A Commentary On Covid-19 And The Public Health Act Of Kenya

Ever since the first case of COVID-19 was confirmed in Kenya on the 13th of March 2020, Kenyans have been accustomed to receiving daily updates on the spread and containment of the deadly virus. But in addition to news touching on the numbers, there has also been another point of interest: the measures taken by the Government of Kenya to manage the spread of the virus, and which seem to be heightened every so often.

From a ban on unnecessary travel outside the country to a total travel ban; from a mere suspension of inter-school activities to a total indefinite closure of all learning institutions, etc- these go to show that the management measures only get stricter as we progress, and hence the eagerness of Kenyans for the daily pressers by the Cabinet Secretary (CS) in charge of Health, and occasionally other members of the National Environment Response Committee on Coronavirus (NERCC).

Following the declaration of COVID-19 outbreak as a Public Health Emergency of International Concern by the World Health Organisation (WHO), the NERCC was established vide Executive Order No. 2 of 2020, with the Health CS as its chairperson. The mandate of the Cabinet Secretary in spelling out measures to prevent spread of COVID-19 derives from the Terms of Reference of the NERCC as well as the Public Health Act.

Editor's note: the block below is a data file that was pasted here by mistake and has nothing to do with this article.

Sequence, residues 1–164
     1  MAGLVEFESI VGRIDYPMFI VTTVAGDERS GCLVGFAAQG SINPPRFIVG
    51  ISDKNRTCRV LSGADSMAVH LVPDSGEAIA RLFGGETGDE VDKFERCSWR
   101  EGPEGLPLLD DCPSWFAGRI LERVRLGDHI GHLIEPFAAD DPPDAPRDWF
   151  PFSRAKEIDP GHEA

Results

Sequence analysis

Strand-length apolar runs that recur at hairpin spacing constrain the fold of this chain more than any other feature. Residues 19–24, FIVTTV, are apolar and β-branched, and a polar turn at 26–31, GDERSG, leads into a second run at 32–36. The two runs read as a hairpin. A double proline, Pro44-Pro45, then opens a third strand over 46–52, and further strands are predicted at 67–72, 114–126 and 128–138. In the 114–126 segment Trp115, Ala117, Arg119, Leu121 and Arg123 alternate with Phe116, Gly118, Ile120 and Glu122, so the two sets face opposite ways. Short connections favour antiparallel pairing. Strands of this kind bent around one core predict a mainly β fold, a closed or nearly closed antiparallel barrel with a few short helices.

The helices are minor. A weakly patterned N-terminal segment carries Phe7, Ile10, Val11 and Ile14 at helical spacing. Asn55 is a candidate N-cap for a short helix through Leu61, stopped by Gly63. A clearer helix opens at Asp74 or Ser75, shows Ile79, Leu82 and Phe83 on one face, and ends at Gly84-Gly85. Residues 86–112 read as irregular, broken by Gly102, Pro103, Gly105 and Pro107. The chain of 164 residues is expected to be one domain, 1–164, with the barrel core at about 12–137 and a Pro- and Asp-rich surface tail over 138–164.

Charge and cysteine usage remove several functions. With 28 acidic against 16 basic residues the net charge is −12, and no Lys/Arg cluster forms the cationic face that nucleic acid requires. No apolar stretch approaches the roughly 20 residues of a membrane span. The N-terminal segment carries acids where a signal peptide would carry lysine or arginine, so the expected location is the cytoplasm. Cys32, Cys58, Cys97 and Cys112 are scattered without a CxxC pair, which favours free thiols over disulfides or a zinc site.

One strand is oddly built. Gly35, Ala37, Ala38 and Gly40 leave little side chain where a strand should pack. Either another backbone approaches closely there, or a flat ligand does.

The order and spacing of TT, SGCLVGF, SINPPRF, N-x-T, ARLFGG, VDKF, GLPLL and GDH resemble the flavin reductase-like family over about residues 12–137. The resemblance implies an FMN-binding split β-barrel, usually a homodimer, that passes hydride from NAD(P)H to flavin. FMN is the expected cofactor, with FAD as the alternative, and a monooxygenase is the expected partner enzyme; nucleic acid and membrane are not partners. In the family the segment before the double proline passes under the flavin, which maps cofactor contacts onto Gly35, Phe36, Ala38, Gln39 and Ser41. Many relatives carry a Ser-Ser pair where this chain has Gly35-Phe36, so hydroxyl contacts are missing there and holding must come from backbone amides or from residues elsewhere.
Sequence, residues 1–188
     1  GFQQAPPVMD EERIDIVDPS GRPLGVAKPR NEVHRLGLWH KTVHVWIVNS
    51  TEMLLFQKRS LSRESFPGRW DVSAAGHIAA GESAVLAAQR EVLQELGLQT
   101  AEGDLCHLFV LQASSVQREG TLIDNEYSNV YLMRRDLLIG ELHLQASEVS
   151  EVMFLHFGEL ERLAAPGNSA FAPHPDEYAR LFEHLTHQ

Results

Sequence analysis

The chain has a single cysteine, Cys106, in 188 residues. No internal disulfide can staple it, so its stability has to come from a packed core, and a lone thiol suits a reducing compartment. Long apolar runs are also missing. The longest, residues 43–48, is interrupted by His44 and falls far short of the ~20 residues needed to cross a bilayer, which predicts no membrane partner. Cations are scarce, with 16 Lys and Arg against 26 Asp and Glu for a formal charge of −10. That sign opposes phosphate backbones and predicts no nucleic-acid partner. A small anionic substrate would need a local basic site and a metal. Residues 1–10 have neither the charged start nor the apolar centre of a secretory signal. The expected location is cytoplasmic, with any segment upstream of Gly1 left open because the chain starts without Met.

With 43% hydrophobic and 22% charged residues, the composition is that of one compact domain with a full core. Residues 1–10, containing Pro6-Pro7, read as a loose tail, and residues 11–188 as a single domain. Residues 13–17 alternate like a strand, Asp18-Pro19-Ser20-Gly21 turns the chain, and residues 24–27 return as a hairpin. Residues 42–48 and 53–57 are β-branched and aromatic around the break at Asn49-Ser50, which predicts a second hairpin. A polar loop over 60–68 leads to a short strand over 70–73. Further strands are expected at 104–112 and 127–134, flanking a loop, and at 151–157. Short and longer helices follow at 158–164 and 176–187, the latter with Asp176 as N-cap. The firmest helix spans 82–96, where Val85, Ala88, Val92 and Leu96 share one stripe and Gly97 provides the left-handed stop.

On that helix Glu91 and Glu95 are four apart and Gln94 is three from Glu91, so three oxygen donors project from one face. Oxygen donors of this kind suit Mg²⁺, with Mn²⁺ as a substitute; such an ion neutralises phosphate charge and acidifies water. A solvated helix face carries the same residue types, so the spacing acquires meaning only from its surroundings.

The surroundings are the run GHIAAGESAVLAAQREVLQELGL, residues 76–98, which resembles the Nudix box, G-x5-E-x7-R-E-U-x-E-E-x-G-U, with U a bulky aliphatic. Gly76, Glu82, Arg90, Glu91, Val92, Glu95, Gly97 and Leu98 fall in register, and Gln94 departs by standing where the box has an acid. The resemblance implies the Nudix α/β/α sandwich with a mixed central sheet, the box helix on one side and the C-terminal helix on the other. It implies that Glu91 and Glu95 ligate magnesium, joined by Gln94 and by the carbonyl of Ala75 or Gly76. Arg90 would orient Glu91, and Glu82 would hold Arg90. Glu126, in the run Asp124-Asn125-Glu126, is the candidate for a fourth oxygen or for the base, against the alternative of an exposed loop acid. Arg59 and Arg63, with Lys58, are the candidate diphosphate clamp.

The Executive Order mentioned above was issued by the President on 28th February 2020. The Committee’s Terms of Reference as provided in the Order include:

  • coordination and capacity building of medical personnel to enable effective response to the disease outbreak;
  • surveillance at points of entry into the country;
  • preparation of isolation and treatment facilities;
  • conduct of Economic Impact Assessment and development of mitigation strategies;
  • coordination of stakeholder support and assistance;
  • regulation of entry into Kenya by persons coming from infected areas;
  • conduct of matters ancillary to the terms of reference

The Public Health Act, on the other hand, has been in existence since 1921. It is the law created to deal with the maintenance of public health as well as the eradication of pandemics, endemics and other infectious diseases that have plagued the human population through history. In it are provisions dealing with diseases such as small pox, plague, yellow fever, leprosy, malaria etc. It has however been amended over the years to align it with other relevant, more recent laws such as the Constitution and the Health Act.